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As early as the 3rd century B.C. Qin Shi-huang, establisher of the Chinese Empire, attending to endless longevity was time after time sending expeditions to the distant seas looking for the islands haunted with the celestial immortals: people - rulers of the time, elements and wonderful creatures, - in pleasure of eternity sailing the seas by unseen boats resistant to any storms. By celestial boats.

It is hard to say – since who has seen them? - whether the boats were like toys, models and miniatures emerging from Chinese master’s hands, in particular this toy — mechanical boat presenting a model of traditional pleasure craft, by which a noble Chinese man was travelling in the company of servants, musicians and dancers. The ship hull is made of wood and covered with ivory and tin. Figurines of musicians and dancers are also made of ivory, and the figurine of a patron deity - of amber. The inside of the ship hull hides a device, similar to clockwork, wound up with a key. The device drives the wheels in the bottom of the ship and moves the ship along with the figurines of musicians and dancers.

Due to serious damages it has not been succeeded to restore this unique device in full and reconstruct the mechanics in its original form - as a matter of fact this mechanical toy  was procured in Beijing in 1719—1720 while visited by Russian embassy headed by Envoy Extraordinary L.V. Izmaylov, in the other words over two hundred and eighty years ago. It was that time when at the court of Manchu Emperor Kangxi a clockmaker was open where Chinese handymen governed and supervised by European Jesuit missionaries first commenced production of the similar mechanical toys. After Kangxi died in 1722, the clockmaker ceased to exist: the following rulers of China were unconcerned with European techniques.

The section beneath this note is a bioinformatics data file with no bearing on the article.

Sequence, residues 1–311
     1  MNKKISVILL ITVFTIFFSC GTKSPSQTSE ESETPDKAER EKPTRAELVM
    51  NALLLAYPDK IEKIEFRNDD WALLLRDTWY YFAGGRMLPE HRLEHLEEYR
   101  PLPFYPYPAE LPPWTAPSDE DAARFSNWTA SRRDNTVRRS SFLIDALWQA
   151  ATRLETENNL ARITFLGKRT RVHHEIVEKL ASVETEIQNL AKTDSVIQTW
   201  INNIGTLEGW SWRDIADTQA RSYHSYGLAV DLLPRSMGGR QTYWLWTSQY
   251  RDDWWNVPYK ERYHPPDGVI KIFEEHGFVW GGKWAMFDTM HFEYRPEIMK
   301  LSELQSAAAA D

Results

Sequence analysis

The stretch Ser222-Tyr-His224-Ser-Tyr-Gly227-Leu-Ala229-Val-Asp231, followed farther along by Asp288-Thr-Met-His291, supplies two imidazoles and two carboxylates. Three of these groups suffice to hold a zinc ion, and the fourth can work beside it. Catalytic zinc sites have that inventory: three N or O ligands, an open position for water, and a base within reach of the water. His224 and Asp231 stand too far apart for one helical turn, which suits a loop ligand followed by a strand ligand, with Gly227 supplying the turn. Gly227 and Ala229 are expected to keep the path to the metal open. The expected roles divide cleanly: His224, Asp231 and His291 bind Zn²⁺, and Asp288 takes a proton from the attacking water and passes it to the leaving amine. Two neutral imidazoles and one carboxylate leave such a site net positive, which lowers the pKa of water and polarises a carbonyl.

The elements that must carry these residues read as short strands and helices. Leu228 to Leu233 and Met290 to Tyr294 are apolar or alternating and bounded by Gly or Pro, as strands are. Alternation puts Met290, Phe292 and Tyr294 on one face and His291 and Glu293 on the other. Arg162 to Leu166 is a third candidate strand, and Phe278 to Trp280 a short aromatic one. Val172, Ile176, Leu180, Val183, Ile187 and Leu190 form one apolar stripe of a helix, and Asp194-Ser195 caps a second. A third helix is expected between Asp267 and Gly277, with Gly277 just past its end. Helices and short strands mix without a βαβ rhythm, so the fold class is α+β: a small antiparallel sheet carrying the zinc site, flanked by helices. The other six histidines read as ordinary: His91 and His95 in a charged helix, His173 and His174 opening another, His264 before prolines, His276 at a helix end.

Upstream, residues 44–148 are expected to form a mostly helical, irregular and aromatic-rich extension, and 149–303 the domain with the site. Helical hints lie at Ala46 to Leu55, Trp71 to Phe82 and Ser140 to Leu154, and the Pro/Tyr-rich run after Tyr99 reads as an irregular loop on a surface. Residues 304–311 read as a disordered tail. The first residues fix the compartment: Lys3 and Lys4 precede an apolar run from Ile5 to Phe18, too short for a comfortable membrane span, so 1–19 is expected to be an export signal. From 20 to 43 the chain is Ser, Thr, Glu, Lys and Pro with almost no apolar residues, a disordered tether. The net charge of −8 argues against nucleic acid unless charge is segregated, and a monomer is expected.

Destiny of the boat was anything but simple: it is not known exactly whether such toys were presented to the embassy of L.V. Izmaylov or were procured owing to Russian embassy’s secretary Lorentz Lang’s contacts with European missionaries. The further history of this artifact has been enveloped in mystery, since until quite recently it had been considered that neither collections of Peter the Great’s time have remained after the fire of 1747 in the Kunstkamera — and now after long several-decade research work a unique artifact of Peter the Great’s time was discovered, rear both for Russian and foreign collections.

The Peter the Great Museum of Anthropology and Ethnography (Kunstkamera) within the Russian Academy of Sciences accords gratitude to the experts of the State Hermitage rendering invaluable assistance in attribution and restoration of the displayed artifact.